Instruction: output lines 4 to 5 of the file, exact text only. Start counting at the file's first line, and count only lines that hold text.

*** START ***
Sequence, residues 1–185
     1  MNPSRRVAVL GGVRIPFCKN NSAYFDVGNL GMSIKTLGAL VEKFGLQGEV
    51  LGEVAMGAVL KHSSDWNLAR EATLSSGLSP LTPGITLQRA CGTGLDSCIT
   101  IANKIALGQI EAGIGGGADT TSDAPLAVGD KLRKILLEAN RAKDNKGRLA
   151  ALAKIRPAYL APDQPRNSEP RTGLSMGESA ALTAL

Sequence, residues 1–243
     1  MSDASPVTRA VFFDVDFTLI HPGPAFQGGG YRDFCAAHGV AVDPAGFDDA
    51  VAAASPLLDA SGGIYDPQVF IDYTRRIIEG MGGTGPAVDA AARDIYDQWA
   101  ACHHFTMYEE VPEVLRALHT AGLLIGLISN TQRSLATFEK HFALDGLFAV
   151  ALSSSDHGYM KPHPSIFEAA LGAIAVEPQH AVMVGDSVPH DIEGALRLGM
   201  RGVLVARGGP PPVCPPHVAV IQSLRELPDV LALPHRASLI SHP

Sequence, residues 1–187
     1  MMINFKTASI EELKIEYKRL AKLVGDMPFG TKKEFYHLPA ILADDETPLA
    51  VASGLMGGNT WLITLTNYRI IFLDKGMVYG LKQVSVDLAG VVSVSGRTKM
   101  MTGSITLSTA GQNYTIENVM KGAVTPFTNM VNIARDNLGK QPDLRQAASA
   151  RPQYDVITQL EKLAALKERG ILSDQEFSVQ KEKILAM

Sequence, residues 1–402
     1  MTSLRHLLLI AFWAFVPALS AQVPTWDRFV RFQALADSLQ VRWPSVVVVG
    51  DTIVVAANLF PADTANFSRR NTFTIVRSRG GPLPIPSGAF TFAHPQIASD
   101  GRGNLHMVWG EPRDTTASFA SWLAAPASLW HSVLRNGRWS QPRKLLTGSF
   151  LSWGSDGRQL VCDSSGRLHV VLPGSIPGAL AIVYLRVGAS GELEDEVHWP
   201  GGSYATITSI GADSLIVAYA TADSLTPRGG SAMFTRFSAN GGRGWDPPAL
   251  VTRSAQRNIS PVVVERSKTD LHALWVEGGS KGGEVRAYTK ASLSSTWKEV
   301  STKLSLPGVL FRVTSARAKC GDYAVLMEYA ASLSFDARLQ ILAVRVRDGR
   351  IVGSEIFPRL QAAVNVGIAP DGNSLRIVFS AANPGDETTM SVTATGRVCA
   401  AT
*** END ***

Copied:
   101  IANKIALGQI EAGIGGGADT TSDAPLAVGD KLRKILLEAN RAKDNKGRLA
   151  ALAKIRPAYL APDQPRNSEP RTGLSMGESA ALTAL